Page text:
Sunday, February 23, 2014

Arnold's "Signature"


Anonymity is part of the culture when it comes to refereeing papers submitted for possible publication in economics, econometrics, and statistics. Referees' names are typically "blinded", and some journals use a "double-blind" process, so that authors names are not know by the referees. Not all disciplines use this approach.

The double-blind approach is far from perfect, especially given how easy it often is to identify authors  by locating a "working paper" version of their article through an internet search. In addition, referees often effectively "reveal" their identity by insisting that authors include references to the referee's own work.

Sometimes, though, referees expose themselves quite unwittingly. Here's a case in point. 

The late Arnold Zellner was a giant among econometricians and statisticians alike. He gave us the SUR estimator, 3SLS, and he was the founding father of Bayesian econometrics. His many contributions to the statistics profession culminated in a stint as President of the American Statistical Association.

I've mentioned previously (here and here) that Arnold was immensely helpful to me when I was getting started on my Ph.D. in the early 1970's. He was later one of my external examiners, and we had quite a lot of contact after that - for example when I was an Associate Editor of Journal of Econometrics for nearly a decade, and Arnold was one of the Co-Editors.

I also came to be aware when Arnold was a referee for my own papers. He "signed" the reports.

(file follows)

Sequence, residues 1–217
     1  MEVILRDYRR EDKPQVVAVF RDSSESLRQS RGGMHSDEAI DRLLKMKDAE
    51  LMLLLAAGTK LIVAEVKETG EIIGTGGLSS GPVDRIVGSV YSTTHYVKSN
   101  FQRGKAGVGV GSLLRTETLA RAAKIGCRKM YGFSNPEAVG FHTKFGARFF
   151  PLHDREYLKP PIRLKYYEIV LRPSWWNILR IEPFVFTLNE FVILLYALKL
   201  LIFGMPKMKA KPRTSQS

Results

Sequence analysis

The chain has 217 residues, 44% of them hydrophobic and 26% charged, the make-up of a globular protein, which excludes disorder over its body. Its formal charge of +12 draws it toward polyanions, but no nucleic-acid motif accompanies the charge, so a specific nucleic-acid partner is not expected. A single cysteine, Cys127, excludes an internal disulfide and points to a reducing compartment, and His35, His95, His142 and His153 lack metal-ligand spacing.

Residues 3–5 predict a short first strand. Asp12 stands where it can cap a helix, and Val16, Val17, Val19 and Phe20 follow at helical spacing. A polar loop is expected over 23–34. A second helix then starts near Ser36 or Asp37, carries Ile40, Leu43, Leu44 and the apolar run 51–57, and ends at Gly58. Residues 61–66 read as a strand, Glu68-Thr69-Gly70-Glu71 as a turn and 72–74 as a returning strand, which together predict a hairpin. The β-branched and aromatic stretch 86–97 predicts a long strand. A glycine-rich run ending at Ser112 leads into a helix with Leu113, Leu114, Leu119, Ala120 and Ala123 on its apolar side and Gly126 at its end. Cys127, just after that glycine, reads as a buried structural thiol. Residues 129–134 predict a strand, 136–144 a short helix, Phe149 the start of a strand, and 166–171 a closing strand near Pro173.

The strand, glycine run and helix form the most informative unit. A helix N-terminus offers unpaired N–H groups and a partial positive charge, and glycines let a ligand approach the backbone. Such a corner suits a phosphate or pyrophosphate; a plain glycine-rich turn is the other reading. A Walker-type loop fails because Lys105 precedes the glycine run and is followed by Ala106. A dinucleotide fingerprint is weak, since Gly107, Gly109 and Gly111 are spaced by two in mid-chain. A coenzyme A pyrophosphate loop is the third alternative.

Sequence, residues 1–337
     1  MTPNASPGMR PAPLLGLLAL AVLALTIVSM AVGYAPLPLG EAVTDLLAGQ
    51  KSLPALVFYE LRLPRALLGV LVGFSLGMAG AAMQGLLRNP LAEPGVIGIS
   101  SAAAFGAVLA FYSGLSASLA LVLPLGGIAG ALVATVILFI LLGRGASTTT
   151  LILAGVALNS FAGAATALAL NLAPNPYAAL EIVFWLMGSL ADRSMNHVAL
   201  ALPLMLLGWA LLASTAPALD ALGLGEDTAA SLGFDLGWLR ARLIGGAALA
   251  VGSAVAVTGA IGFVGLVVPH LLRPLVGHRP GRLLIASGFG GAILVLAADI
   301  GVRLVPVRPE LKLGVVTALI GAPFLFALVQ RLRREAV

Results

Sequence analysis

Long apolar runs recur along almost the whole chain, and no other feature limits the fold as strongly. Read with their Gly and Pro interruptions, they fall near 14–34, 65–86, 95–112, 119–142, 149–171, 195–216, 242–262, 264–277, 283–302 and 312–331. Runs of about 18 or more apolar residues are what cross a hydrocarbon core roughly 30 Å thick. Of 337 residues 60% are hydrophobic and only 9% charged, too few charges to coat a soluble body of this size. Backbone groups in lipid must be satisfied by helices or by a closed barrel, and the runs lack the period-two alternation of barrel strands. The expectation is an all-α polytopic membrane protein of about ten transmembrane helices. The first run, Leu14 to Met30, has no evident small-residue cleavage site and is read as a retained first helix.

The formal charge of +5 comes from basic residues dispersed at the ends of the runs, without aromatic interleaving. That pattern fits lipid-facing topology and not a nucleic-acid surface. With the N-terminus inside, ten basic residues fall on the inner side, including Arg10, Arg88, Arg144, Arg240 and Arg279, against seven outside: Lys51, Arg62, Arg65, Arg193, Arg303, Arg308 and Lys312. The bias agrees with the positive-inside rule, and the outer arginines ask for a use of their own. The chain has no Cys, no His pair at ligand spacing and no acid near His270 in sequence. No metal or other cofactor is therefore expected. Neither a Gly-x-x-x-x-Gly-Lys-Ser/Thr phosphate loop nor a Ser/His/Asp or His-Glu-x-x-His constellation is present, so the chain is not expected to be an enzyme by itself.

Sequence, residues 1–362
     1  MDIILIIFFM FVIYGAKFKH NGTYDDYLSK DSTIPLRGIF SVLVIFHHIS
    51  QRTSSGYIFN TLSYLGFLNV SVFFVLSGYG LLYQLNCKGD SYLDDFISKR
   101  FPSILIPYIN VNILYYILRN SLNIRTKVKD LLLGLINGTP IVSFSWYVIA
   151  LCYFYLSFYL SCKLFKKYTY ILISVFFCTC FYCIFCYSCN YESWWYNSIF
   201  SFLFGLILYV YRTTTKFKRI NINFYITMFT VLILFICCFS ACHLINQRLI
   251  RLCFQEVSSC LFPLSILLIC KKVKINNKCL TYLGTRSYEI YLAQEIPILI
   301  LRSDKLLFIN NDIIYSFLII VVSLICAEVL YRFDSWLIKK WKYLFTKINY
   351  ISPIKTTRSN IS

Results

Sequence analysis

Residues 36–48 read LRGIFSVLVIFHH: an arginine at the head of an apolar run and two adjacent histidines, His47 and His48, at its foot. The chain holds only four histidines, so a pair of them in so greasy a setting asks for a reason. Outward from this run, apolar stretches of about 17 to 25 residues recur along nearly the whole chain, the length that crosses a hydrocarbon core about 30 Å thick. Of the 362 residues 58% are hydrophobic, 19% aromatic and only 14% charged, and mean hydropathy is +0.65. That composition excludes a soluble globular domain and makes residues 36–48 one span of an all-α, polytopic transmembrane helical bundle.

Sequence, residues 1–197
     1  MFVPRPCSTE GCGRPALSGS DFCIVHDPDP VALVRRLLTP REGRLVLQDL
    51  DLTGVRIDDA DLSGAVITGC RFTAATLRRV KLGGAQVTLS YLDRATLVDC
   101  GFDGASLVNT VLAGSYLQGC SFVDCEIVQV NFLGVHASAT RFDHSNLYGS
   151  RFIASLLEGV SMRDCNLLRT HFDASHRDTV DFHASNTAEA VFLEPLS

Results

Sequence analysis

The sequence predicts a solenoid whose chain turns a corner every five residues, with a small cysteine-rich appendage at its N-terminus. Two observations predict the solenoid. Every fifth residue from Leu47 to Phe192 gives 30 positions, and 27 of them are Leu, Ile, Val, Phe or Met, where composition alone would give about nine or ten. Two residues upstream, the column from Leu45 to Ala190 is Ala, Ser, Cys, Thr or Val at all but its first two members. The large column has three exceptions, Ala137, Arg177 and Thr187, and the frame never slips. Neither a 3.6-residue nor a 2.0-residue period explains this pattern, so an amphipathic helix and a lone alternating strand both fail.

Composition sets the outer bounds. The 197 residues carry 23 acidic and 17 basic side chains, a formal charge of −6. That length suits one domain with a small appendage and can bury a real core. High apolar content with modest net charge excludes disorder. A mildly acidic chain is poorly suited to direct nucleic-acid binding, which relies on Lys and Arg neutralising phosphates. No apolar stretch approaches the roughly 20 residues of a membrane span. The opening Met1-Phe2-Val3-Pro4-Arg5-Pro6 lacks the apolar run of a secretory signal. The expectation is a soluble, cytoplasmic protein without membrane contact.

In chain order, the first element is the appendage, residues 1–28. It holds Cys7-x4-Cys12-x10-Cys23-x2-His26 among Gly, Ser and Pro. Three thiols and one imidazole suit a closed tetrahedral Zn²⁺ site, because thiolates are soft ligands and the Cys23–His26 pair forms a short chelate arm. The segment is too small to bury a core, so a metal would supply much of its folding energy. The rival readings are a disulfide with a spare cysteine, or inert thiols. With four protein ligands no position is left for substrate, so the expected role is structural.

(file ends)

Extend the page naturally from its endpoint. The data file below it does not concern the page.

Back in the olden days when secretaries typed letters using a typewriter, a font was a font was a font.  You couldn't slip back and forth between (say) Courier font and mathematical symbols. The advent of the IBM Selectric typewriter (1961 to 1986) revolutionized the typing of scientific manuscripts:



The key innovation was the "golf ball". Different golf balls were available for different fonts, and the typist could change from one ball to another by lifting the black lock-tab :





Of course, changing the golf ball became somewhat disruptive if, for example, you wanted use different fonts in the one line (sentence,........) of typing. Imagine moving from courier to script, to mathematical symbols, and back to courier. That's four physical changes of the golf balls. Needless to say, some typists continued with some of the short-cuts that they had developed in pre-golf ball days!

One such person was Arnold's secretary for many years. She must have typed hundreds of referee reports for him. Now, think about a typical referee's report. It might begin with a short summary of the key contributions that the paper makes; followed by a list of major comments, criticisms, and suggestions. It generally ends with a list of some minor points dealing with clarifications that are needed; grammatical or typing errors; etc.

Usually, the latter list will begin with a page and line reference - maybe something like the following:

"1. p.5, line 15: Explain this in more detail......"

Just as "page" is abbreviated to "p.", the word "line" is often abbreviated to "l.", and it used to be traditional to type (or write(!)) the latter symbol in a script font, if possible:
                                                                 
Arnold's secretary had the interesting habit of typing a left parenthesis, "("; then back-spacing and over-striking it with a forward slash, " / ".The end result was a close approximation to a script "ell".
    
Whenever I saw this, I knew who had dictated the letter and who had typed it.

This went on for years! I remember finally mentioning it to Arnold around 1992 - about 20 years after we had first started corresponding. It came as a revelation to him, and I can still recall the look on his face as the implications sunk in!



© 2014, David E. Giles

1 comment:

  1. Hi David. Interesting. I agree; it happens. I recall two where the referees' names were sent to the authors. Both were mistakes. One was a secretarial mistake and the other was the editor's mistake. Some science journals allow many readers to comment on the paper online, and also allow for discussions; everyone knew everyone else. I do not know the rules. Some are publishing the paper along with the comments.
    W Razzak

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